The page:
Why and How to use Google Reader
Imagine having a newspaper or magazine that was written just for you, automatically updated and sent to you whenever a new relevant story was added. Say hello to Google Reader.
The first step is easy. Just follow the link below to sign up for the free service:
Once you’ve created an account, you can start adding sites you want to subscribe to. It’s easy… just click the “Add a subscription” button at the top right and type in the URL of the blog (for example “joreteg.com”).
That’s it you just added your first feed! Now you can add as many as you want and then all you’ve gotta do is go back to Google Reader and check for unread items. If you want to see a story in it’s original form, you just click the title of the post to go to the page where it came from.
Google Reader lets you subscribe to any website that publishes content feeds. The good news is that these days pretty much all blogs and news outlets publish feeds. You can add feeds directly from within Google Reader or you can look for feed links while you’re browsing.
The standard feed icon looks something like this:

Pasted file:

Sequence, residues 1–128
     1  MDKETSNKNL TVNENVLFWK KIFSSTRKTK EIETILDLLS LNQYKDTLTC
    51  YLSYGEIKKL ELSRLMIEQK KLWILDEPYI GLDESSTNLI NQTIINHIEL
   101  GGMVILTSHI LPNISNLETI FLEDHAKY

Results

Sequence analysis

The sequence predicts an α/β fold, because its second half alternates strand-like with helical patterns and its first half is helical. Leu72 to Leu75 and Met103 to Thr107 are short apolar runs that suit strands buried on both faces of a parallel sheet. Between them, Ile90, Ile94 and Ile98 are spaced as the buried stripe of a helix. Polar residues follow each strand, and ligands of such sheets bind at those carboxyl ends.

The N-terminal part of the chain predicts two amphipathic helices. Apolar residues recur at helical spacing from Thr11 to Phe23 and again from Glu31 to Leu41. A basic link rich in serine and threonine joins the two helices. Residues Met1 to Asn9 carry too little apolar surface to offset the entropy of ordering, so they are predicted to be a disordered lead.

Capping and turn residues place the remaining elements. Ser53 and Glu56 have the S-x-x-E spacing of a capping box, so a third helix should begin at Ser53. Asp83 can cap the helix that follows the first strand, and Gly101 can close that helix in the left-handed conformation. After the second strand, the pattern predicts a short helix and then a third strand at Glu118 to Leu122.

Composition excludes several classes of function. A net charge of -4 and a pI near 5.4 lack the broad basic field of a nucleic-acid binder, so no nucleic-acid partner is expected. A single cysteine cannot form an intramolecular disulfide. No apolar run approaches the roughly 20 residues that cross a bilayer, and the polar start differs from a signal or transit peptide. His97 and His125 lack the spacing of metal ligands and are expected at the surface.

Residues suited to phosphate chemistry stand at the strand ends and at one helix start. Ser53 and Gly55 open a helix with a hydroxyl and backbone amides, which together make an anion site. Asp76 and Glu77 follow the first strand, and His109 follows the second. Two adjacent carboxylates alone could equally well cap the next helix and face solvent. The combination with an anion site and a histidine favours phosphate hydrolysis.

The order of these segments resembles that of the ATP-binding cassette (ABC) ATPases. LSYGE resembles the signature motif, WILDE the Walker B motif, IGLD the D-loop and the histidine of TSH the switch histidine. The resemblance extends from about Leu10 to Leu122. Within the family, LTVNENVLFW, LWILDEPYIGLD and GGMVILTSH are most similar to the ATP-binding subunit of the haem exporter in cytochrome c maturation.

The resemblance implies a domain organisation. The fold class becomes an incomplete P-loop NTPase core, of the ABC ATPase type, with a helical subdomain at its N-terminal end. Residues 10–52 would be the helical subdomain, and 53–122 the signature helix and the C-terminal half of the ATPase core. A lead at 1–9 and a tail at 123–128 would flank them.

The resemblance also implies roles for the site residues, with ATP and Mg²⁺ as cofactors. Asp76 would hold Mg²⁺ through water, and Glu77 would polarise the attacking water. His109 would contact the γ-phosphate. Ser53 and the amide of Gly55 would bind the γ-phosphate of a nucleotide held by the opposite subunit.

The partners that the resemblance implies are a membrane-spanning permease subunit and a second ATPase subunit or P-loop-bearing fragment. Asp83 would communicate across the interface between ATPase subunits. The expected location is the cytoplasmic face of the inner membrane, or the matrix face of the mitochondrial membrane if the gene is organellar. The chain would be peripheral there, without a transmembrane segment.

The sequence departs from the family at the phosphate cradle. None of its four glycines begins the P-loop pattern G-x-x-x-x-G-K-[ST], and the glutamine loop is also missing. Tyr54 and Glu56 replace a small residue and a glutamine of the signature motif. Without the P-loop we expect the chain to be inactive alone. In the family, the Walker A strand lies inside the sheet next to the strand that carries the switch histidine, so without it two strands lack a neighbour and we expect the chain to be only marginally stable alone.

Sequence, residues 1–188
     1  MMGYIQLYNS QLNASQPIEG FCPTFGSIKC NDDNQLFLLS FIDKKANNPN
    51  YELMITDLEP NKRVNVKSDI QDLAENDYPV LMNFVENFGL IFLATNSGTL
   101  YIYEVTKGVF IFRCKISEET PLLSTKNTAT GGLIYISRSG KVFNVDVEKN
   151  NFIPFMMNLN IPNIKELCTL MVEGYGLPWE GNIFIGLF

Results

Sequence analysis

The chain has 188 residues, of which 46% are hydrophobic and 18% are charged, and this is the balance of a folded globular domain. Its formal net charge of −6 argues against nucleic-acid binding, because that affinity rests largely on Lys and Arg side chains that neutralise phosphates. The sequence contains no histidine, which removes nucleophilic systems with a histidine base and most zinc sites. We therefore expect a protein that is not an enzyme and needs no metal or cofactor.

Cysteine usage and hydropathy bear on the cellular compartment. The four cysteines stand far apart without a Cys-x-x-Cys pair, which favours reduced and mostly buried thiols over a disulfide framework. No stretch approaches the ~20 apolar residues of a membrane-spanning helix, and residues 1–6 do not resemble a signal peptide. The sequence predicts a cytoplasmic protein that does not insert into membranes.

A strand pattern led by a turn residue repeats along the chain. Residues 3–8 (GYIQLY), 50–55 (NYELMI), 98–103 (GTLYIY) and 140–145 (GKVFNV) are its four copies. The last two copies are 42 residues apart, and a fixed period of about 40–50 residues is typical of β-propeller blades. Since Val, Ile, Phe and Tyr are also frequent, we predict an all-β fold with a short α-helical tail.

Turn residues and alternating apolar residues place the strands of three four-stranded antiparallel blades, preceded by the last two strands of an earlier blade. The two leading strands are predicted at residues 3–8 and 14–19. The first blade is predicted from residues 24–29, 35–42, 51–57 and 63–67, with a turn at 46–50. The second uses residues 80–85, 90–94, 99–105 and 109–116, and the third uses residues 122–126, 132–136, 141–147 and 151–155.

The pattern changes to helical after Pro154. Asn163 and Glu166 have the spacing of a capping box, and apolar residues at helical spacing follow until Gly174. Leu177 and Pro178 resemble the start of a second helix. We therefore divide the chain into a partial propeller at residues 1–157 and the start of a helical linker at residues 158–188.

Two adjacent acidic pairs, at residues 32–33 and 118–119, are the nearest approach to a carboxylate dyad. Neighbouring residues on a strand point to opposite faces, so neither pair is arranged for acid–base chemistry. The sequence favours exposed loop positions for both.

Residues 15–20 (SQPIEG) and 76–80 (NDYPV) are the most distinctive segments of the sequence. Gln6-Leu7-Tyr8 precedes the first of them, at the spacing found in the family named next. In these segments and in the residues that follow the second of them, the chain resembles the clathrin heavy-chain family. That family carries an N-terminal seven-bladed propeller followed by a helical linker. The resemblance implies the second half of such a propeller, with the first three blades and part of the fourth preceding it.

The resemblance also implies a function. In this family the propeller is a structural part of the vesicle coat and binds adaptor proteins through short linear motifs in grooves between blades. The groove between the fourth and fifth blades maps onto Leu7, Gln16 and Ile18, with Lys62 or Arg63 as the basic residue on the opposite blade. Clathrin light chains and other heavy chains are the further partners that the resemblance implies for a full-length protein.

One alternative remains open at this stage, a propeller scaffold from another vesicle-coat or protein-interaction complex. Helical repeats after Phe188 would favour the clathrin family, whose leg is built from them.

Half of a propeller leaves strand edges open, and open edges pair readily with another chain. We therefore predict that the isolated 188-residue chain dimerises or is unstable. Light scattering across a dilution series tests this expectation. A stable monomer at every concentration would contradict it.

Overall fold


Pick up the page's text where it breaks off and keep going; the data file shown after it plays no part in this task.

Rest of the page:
Anytime you see this or any mention of RSS or a feed you can click on it and if you’re using a modern browser (I recommend Chrome or Firefox) it will give you the option of subscribing using the program/service of your choice.
Many browsers will also display a feed icon in the address bar to indicate when a site has a feed.
Now you can easily stay current with the sites and authors you like without having to check lots of different sites, scouring for new content. I check Google Reader daily. Once you experience the convenience of it you’ll realize why paper is history.
To see how the dynamic web is changing our cultural anthropology check out this amazing video, as brought to my attention by my friend and co-worker Josh Highland. It’s well worth your time and will make you think.